PiDrojon Deer

The theme for 2022’s PiWars competition was “Old McDoofus had a farm” (Doofus is the name of the little red robot logo for the competition). With this in mind, this page introduces PiDrojon Deer (PJD), our design for PiWars 2022 at Home.

We decided to try a tracked chassis at the request of our team driver.  He also requested that we make the robot “look cool”, so we have paid much more attention to the robot’s aesthetics.

We think this machine would be entirely right on “Old McDoofus’” farm.

PJD was completely designed in Fusion 360.  The caterpillar tracks are made from Lego parts, but the rest of the chassis has been 3D printed in PLA and PETG.

Doof’s new tractor

The robot has a front facing Raspberry Pi camera mounted in the radiator grille, just below the Pi logo. This is the primary navigation system in the autonomous games.

A time-of-flight sensor faces forward below the radiator. This is why the middle section of the bulldozer blade has been cut out.

The front loader has a pair of high-torque servos to lift it. It will be one
of the attachment points for the game specific implements.

We have used two of P21’s motors in PJD (we generally recycle the previous year’s robot to save on build costs).  These motors have a built-in gearbox so that they can directly drive the track sprockets. They also have magnetic encoders which permit the use of PID motor control and odometry based navigation.

One of the main aims for PJD was to “look cool”. We also wanted it to look like a tractor for Old McDoofus’ farm.

Instruments and control levers were included in the design and painted. Details have been included on the engine and track running gear.

The engine bonnet (which houses the RPi) includes an air-cleaner and Raspberry Pi logo radiator badge. The exhaust pipe has a motor fitted so that it shakes like a real tractor exhaust might shake, see here.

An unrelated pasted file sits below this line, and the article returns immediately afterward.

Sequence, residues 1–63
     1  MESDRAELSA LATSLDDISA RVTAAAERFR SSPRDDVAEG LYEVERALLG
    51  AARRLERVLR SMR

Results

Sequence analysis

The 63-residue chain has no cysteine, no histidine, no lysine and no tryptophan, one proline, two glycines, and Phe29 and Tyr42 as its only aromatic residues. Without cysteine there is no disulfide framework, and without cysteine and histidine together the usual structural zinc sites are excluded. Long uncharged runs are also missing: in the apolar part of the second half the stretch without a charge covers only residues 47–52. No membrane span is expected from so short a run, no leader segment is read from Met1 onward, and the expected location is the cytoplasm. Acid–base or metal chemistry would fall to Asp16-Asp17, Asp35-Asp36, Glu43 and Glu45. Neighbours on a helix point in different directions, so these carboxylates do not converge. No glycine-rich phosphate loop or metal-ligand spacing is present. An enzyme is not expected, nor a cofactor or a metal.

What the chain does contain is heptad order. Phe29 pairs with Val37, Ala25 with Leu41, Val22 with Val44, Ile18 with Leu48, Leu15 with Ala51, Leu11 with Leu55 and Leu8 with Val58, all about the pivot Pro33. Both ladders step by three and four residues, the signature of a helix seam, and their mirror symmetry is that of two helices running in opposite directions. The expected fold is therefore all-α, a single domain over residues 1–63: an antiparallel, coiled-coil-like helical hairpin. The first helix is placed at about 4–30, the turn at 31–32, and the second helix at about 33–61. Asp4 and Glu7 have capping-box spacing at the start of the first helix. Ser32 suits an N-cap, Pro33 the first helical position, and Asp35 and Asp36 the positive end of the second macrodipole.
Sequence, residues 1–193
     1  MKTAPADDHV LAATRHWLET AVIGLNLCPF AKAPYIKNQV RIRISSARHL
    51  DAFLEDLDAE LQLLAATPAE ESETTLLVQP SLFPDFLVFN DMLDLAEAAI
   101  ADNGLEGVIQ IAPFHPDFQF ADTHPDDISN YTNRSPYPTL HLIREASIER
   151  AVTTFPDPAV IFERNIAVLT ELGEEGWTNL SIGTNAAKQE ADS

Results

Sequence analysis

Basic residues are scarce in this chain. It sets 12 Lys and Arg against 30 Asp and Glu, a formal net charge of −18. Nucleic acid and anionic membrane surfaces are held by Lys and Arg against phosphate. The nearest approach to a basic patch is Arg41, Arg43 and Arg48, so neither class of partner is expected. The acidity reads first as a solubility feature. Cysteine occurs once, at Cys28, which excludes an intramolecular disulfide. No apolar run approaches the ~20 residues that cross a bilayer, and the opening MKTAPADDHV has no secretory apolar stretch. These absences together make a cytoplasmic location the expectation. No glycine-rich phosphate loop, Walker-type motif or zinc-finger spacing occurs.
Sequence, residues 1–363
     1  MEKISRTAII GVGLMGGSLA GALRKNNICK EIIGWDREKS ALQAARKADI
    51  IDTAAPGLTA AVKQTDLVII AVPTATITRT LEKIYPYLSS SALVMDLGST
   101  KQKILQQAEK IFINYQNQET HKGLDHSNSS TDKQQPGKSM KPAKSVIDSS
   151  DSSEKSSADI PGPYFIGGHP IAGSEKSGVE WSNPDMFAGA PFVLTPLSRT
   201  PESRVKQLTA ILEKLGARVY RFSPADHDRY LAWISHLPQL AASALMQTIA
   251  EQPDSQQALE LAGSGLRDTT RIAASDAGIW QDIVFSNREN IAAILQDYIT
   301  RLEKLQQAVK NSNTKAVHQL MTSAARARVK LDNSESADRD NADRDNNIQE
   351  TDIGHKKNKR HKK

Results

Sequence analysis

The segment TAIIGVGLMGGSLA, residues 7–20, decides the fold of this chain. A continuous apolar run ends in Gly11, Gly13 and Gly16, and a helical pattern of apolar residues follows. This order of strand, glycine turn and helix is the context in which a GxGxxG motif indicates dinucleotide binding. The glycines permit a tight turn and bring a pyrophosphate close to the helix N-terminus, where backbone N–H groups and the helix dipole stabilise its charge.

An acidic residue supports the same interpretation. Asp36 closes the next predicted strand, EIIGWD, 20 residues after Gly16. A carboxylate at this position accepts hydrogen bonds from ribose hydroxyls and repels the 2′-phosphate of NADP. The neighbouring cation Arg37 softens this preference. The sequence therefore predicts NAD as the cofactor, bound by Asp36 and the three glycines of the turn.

Doofus has a servo in his torso so that his head can turn.

I bet that number plate was expensive!

Another game implement attachment point is located on the back of the chassis.

Four bolt heads can be seen next to the tracks. These can be used to set the tension in the tracks.

More detailing can be seen here such as the warning chevron paint scheme and the posh number plate.

My personal favourite is the rusty old toolkit containing a jerry can, hammer, huge adjustable spanner and oil can. I like it because my son designed it.

Below is the “Technical and Artistic Merit” video that we submitted for the competition.

Technical Features

Main ControlRaspberry Pi 3 Model B+ running Buster
Control code written in Python
Camera interface using OpenCV
Connection to robot via 3v3 full duplex serial and two GPIO lines
Onboard sensorsRaspberry Pi Camera Module V2.1
BNO055 Inertial Measurement Unit (IMU)
Front mounted VL53L1X Time of Flight (ToF) sensor
Hall Effect motor encoders x 2
LiPo voltage detector
Push button to provide manual RPi shutdown
Motor control2x 10A H-Bridge circuits.
Motor encoder inputs for odometry


Dimensions235mm long x 196mm wide x 230mm high
Top speed1.2ms-1
Battery3S 1,300mAh LiPo, nominal 11.1v.
Permits up to 2 hours of development under battery power.
Raspberry PiRaspberry Pi 3 Model B+
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